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R. S. Singh, G. P. Misra, C. E. N. Reiter, H. D. VanGuilder, A. J. Barber, T. L. Lowe, T. W. Gardner; Periocular Insulin Improves Metabolic and Protein Defects of Early Diabetic Retinopathy. Invest. Ophthalmol. Vis. Sci. 2007;48(13):5807.
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We have previously reported insulin receptor signaling defects in the retina of diabetic rats and mice. Therefore, we tested the hypothesis that periocular delivery of insulin to the retina of diabetic rats, in doses that do not alter blood glucose levels, will prevent or treat early diabetic retinopathy.
Regular human insulin over a dose range of 0.01U to 1U was injected subconjunctivally in control and 1 month diabetic male Sprague Dawley (SD) rats. Insulin-loaded hydrogels were designed for subconjunctival implantation to provide low levels of insulin to the retina for prolonged periods. The hydrogels were engineered to be thermoresponsive and hydrolytically degradable, and their pharmacokinetic and pharmacodynamic properties were studied in vitro and in vivo using R 28 cells in culture and SD rats respectively. The biological effects of subconjunctival insulin on the retina were analyzed using immunoblotting, kinase assays and immunohistochemical analysis.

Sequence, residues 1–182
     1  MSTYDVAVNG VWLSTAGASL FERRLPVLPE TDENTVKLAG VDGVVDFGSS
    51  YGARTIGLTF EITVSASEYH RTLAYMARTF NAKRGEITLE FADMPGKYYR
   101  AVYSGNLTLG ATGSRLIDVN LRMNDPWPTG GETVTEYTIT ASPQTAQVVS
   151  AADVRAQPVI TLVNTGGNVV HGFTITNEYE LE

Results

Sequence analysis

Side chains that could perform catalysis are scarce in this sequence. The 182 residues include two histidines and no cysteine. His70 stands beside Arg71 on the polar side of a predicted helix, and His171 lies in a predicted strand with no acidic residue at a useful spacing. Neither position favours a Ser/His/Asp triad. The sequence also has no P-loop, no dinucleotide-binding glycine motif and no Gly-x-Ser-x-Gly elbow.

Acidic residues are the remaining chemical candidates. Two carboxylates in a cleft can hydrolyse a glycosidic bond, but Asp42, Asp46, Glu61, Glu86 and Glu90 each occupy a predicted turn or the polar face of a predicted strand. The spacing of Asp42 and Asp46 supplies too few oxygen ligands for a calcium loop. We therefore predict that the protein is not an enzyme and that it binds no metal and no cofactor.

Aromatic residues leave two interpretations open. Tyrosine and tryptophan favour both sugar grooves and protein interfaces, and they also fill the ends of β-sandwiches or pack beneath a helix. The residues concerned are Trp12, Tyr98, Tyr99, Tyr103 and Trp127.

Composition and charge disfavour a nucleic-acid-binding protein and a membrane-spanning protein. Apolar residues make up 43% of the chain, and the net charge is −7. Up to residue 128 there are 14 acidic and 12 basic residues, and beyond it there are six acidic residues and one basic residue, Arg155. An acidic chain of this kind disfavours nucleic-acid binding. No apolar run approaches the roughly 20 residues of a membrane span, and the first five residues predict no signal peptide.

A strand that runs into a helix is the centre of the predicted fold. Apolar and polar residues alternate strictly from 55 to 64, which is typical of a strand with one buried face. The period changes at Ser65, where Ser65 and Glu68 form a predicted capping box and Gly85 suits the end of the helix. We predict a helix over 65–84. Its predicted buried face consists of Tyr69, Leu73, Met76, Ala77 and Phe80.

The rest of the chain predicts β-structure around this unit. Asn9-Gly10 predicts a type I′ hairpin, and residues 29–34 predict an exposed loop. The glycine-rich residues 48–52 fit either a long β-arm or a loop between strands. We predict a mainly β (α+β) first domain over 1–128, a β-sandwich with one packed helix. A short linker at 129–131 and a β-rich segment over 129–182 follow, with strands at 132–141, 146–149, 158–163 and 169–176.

The optimal dose of subconjunctivally administered insulin that stimulates the pro survival insulin signaling pathway in the retina, without having any effect on the contralateral uninjected eye or systemic blood glucose levels, was determined to be 0.0325 U/100g. This low-dose of subconjunctival insulin reaches the retina where it normalizes synaptic protein and c-Jun N-terminal Kinase expression (p <0.05). Insulin-loaded hydrogels release low amounts of biologically active insulin for over a month and are non-toxic to cells in culture and are well tolerated by rat eyes after subconjunctival implantation, and do not induce inflammatory response.
Subconjunctivally delivered insulin ameliorates degenerative and inflammatory responses in diabetic rat retinas. Insulin-loaded hydrogels with thermoresponsive and biodegradable properties may provide adjunctive therapy to the retina in diabetes.
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